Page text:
Thomas Pringle GE16 Candidate

Thomas PringleThe 5050 Group in the North West sent out a series of questions relating to women’s equal representation to the 2016 General Election Candidates in Donegal and Sligo-Leitrim.

Below are the questions with the candidate responses.

Donegal 2016 General Election Candidate: Thomas Pringle, Independent




Do you support the 5050 Campaign for equal representation of women and men in Irish Politics?





Please Explain Why


I believe in a fair and equal society which can only be achieved with gender equality in all spheres of Irish life including politics.


Are you in favour of introducing gender quotas for the 2019 local elections?




Please Explain Why


We need gender quotas to allow more modern and alternative politics in our currently outdated Parliament. The political institution is designed to make it difficult for voices from minority groups including women (as they are under represented in politics) to be represented in the Dáil and quotas try to address this.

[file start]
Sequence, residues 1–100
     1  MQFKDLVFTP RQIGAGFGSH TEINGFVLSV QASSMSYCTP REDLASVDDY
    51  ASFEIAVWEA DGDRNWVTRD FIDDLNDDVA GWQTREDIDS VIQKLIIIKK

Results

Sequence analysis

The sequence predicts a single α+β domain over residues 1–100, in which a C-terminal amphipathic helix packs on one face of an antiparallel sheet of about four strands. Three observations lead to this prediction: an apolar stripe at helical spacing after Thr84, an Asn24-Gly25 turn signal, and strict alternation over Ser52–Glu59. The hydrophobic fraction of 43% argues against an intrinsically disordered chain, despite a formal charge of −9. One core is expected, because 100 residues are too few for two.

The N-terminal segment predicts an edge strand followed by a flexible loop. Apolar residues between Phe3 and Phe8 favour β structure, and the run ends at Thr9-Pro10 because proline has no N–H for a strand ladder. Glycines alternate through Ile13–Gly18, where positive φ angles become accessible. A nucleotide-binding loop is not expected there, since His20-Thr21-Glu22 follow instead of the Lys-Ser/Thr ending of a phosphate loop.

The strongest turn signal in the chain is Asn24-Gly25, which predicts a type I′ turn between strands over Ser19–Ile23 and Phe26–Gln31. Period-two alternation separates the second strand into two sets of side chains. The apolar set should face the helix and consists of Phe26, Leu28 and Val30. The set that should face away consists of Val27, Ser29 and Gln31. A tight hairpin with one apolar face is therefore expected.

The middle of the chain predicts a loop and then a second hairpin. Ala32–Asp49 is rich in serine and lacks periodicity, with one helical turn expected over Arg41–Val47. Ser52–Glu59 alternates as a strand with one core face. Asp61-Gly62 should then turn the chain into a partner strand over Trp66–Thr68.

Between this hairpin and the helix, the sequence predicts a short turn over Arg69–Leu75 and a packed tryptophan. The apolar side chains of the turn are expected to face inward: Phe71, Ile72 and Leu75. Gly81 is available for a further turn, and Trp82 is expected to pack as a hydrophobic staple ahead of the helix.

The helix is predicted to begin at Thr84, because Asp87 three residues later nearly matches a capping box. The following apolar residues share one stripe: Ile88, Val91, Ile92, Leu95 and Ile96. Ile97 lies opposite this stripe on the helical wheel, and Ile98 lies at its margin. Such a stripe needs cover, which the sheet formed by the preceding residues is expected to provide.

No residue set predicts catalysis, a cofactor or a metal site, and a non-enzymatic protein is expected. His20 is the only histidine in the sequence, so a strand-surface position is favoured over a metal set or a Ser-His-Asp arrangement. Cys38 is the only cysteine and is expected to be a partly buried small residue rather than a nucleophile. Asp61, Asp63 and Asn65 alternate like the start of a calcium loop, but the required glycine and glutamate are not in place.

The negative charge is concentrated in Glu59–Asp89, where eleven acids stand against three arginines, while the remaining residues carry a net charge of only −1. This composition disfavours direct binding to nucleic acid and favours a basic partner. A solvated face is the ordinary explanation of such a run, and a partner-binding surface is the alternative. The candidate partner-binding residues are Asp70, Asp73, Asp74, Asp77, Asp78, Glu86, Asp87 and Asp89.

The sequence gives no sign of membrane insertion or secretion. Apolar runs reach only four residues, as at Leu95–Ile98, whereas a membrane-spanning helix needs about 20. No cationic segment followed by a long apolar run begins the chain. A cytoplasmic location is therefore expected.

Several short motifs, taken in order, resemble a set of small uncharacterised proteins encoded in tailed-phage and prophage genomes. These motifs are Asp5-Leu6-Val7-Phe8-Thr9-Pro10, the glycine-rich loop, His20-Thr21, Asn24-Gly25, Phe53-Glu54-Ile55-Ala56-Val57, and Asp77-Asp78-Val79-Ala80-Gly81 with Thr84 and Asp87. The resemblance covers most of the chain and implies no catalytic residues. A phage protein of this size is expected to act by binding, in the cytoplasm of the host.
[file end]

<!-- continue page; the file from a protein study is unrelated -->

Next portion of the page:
Would you support an’ A Rural Strategy’ to encourage more women to run for the local elections both as independents and party candidates?




Would you support more women to take up leadership positions within your party, such as chairs and national executive members?




What actions will you take within your party or as an Independent to encourage and support increased female participation in politics?


As an Independent I do not have a formal structure like other parties and so do not have the same opportunities as them, however almost all my office staff are female and I fully support them aiming a work/life/family balance.

Many people who work on my campaign are women and I see their input as being vital to a successful campaign.


Would you support actions to make the Dáil more ‘family friendly’ by addressing the working hours, formalising maternity leave and considering other arrangements such as proxy voting and teleconferencing?




Please Explain Why

I believe a more family-friendly environment in the Dáil would also be beneficial to fathers and parents of all kinds as I myself am a father, commuting to and from Donegal to Dublin is a big task and often times Dáil time is misspent by Government for example with imposed Guillotines of Bills without debate.

Reforming the Dáil agenda to make use of the time for a more in-depth debate and legislative scrutiny will in turn make it a more family-friendly place as a result, as democracy is strengthened.